Wing pattern formation in Lepidoptera: A model

Journal Article (Journal Article)

A formal model is presented that demonstrates how the color patterns of the wings of butterflies and moths can be analysed in terms of current concepts of pattern formation. A review of pertinent literature on this little‐known developmental system is provided. Crucial to the understanding of color pattern formation in lepidopteran wings is the realization that the wing pattern is a mosaic. The pattern in each wing cell (i.e., the area bordered by wing veins) is determined independently from the pattern in other cells. Within a cell, pigments are deposited in a definite relation to a central focus. A focus always lies on the cell midline and is often visible as a small pigmented dot. In the simplest condition the color pattern is laid down around a focus as a system of perfect concentric circles (eyespots). More often these circles are considerably distorted and have an axis of bilateral symmetry that parallels the wing veins. The nature and extent of these distortions from circularity account, to a large degree, for the species‐specific character of the wing pattern. The determination of such patterns is most readily explained if it is assumed that a focus represents the reference point with respect to which positional information (for pigment deposition) is specified. Circular patterns are thus obtained if all points equidistant from a focus undergo identical differentiation. Deviations from circularity of the pattern around a focus indicate that either the specification or interpretation of positional information is not the same in all areas around a focus. This phenomenon is most conveniently described as an “interpretation landscape”: a gradient system whose value at any point in a morphogenetic field is a measure of how positional information is to be interpreted at that location. Examples are provided of how species‐specific wing patterns can be generated by modest alterations in the shape of the interpretation landscape. As a rule the field of a focus is limited by the margins of the wing cell in which it is centered except in cases where no focus is present in an adjacent cell. Under those circumstances one focus can determine the pattern in several adjoining wing cells. Copyright © 1978 Wiley‐Liss, Inc., A Wiley Company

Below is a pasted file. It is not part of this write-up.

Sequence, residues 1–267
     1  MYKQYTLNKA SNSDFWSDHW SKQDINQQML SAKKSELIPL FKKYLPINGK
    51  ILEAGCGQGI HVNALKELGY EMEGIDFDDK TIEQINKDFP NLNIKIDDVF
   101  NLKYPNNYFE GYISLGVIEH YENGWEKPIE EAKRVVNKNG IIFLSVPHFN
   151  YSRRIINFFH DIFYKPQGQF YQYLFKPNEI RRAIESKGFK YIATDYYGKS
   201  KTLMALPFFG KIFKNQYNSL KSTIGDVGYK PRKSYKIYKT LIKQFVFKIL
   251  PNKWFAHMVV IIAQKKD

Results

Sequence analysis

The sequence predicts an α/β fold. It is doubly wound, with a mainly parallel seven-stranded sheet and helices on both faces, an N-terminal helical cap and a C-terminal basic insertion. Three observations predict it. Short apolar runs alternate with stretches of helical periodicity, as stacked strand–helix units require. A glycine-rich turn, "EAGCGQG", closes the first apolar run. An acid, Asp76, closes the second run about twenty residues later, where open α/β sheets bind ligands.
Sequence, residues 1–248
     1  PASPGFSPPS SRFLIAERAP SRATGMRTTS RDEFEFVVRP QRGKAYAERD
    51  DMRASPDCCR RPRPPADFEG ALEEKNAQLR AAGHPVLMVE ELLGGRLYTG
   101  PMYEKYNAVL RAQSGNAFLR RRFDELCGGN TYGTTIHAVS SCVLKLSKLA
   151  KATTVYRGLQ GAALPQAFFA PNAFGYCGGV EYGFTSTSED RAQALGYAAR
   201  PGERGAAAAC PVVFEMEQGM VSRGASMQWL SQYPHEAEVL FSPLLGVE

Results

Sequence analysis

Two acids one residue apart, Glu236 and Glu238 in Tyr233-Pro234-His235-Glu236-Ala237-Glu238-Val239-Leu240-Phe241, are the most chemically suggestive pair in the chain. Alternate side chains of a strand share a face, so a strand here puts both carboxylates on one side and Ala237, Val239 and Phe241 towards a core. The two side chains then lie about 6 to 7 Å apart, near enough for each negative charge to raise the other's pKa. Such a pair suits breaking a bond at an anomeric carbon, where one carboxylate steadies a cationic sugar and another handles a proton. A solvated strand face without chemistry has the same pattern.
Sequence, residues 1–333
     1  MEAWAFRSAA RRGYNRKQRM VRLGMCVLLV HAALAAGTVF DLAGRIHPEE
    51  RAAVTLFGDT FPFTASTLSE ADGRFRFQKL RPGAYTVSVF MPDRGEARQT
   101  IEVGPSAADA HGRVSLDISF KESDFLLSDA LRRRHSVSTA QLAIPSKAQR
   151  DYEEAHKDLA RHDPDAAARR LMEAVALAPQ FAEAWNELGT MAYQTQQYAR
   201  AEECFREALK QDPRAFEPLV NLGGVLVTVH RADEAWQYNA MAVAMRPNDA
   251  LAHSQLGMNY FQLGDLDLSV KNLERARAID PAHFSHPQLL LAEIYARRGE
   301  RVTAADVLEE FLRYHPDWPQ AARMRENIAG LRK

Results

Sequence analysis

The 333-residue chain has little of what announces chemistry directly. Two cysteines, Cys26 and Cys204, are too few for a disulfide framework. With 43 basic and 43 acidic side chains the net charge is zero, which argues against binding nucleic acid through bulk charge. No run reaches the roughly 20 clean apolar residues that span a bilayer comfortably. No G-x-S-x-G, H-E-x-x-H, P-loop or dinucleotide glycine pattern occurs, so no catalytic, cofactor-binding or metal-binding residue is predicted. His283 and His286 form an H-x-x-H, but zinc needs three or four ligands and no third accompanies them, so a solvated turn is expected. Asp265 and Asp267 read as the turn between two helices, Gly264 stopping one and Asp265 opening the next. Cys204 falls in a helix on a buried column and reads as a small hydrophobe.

Full Text

Duke Authors

Cited Authors

  • Nijhout, HF

Published Date

  • January 1, 1978

Published In

Volume / Issue

  • 206 / 2

Start / End Page

  • 119 - 136

Electronic International Standard Serial Number (EISSN)

  • 1097-010X

International Standard Serial Number (ISSN)

  • 0022-104X

Digital Object Identifier (DOI)

  • 10.1002/jez.1402060202

Citation Source

  • Scopus